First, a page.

Friday, May 16, 2008

Henry got a haircut today. He barely even cried. I was so proud. He looks like a bonafide Big Boy now. Or maybe again. He always looks about a year old when he gets his hair cut.

I just saw a picture of him from when he was 10 months old or so. He was such a baby! He is growing up so fast.


Today we saw a VW Golf parked near our house. Henry saw it from the back and said, “VW gone.” It took me a couple of tries, but I finally got what he was saying: the circle where the VW logo should have been on the hatchback was blank, like the insignia had fallen off. Which is not only damn good observation, but also creepy because that meant there were no identifying VW marks visible on the car. How the hell did he know it was a VW?

Smart man.

Wednesday, May 14, 2008

Guilty mom

Tonight was the third night in a row that Henry wailed when I put him down for bed. It was an angry, betrayed sort of wailing. The only thing worse than letting him cry it out is letting him cry it out while he's screaming, "Mommy! Mommy!"

I feel like that woman in Texas who hit the homeless man with her car and then left him stuck in her windshield for a week in her garage, calling for her and pleading for help, until he died. Really--that guilty.

The strange thing is Henry hasn't cried for more than five minutes about bedtime in about a year. Last week he didn't even want to cuddle anymore. I'd just turn out the light and he'd say, "bed," and I'd lay him down and go about my afternoon or evening.

I was ready to declare victory over the whole sleep issue.

Last night I went in a couple of times, because I was sure he must be covered in poo or caught in the crib bars. Really, though, I could tell by his cry that he was simply overtired.

And there's the rest of the guilt: he's overtired because he's gone to bed more than an hour past his bedtime for three of the last four nights. Why? Because I've been out to dinner and have lost track of time.

Tonight I was having Chinese food at my next door neighbors', and Henry started saying "bed" at about 7:45 (his usual bedtime). Although I said I was leaving, I ended up talking for another 25 minutes as I edged toward the door.

I don't know how long he cried for tonight. 15 minutes? 20 minutes? I got a new air conditioner today, in honor of the heatwave, so I couldn't hear him so well. It was a blessing, and I feel guilty about that, too. At least I feel like I'm doing some penance if I have to listen to him in his misery.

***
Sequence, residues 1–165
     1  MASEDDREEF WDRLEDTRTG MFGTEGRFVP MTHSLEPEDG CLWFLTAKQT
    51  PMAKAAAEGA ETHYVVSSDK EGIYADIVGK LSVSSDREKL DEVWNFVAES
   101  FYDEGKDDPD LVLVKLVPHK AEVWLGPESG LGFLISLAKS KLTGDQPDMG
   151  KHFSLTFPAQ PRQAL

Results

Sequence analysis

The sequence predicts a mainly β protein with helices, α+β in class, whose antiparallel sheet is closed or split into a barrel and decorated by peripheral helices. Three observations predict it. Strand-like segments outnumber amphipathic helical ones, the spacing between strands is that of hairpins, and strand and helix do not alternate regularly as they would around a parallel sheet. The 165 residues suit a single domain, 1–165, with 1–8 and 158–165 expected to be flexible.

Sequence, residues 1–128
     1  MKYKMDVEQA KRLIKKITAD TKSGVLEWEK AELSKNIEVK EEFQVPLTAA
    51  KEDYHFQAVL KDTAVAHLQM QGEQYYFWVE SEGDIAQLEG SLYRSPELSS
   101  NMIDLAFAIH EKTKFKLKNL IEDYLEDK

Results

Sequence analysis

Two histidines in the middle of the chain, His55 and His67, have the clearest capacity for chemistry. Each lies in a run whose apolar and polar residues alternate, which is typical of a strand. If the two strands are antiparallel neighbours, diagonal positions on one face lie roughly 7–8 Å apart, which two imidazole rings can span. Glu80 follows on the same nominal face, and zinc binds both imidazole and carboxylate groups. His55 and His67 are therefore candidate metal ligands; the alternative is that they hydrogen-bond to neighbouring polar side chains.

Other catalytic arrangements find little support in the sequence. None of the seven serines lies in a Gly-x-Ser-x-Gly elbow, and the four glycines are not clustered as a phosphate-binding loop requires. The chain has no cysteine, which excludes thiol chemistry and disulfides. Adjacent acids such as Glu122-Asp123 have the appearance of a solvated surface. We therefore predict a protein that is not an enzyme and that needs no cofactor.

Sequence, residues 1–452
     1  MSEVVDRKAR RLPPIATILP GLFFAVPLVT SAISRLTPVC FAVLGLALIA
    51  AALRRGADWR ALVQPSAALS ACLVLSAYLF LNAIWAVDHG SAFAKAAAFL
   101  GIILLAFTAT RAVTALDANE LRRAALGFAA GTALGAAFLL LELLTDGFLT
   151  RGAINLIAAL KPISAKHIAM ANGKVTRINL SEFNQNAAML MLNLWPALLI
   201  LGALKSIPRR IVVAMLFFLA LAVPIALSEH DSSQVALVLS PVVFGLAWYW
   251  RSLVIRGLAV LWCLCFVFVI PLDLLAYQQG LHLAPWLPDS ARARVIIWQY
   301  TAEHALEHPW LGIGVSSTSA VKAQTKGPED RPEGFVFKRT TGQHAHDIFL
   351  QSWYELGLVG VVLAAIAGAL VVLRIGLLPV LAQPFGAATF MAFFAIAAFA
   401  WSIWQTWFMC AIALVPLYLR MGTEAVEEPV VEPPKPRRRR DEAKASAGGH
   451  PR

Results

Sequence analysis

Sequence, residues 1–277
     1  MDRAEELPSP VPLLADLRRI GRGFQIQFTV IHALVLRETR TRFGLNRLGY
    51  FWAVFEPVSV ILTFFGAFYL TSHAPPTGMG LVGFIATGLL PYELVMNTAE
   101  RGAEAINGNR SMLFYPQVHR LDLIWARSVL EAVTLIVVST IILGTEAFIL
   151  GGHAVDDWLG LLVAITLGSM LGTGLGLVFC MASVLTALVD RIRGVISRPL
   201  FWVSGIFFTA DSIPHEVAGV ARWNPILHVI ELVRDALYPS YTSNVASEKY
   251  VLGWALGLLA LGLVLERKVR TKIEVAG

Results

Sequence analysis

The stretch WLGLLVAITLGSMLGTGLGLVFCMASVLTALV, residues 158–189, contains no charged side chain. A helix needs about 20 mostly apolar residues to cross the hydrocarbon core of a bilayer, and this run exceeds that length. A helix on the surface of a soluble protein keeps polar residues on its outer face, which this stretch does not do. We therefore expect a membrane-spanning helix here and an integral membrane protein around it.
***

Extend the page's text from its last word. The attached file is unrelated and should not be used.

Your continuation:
This is all on top of the fact that we missed seeing his friend Santiago this afternoon, after Henry had been talking about him and I'd been promising a visit all day. But then Henry took a super long nap, which I didn't interrupt because of the above sleep issues, and when he woke up he didn't want to get dressed, and I didn't feel like pushing him on it.

When we finally got in the car, and then hit traffic, I knew we wouldn't make it to the park in time to see his friend.

"See Santi?" he asked from the backseat.

"Honey," I said, "I don't think we're going to see Santi today."

And his eyes got huge, and tears flooded in, and he asked again through trembling lips, "Santi?" And when I said no he began to bawl.

Mommy broke Henry's heart. Again.


I know I only write these sniveling little pieces about parenthood, but the truth is I love it. I love him. I love the way he runs, I love the way he tries to count ("two, two, nine, three"), and I love the way we dance together to the jazzy Sesame Street theme song that runs during the credits. Some days it's so good it's ridiculous.

Monday, May 12, 2008

3 months, 2 days left

I am getting scared about this new baby.

Am I prepared to get up five times a night again? Without being able to nap during the day?

I talked to another mom the other day who said that when the second kid is born, you mourn the ease of your life with one child, just like you mourned the ease of your life with no children when that first one came along.

Holy crap, I thought, it's that bad?

Friday, May 9, 2008

That annual SAHM salary thing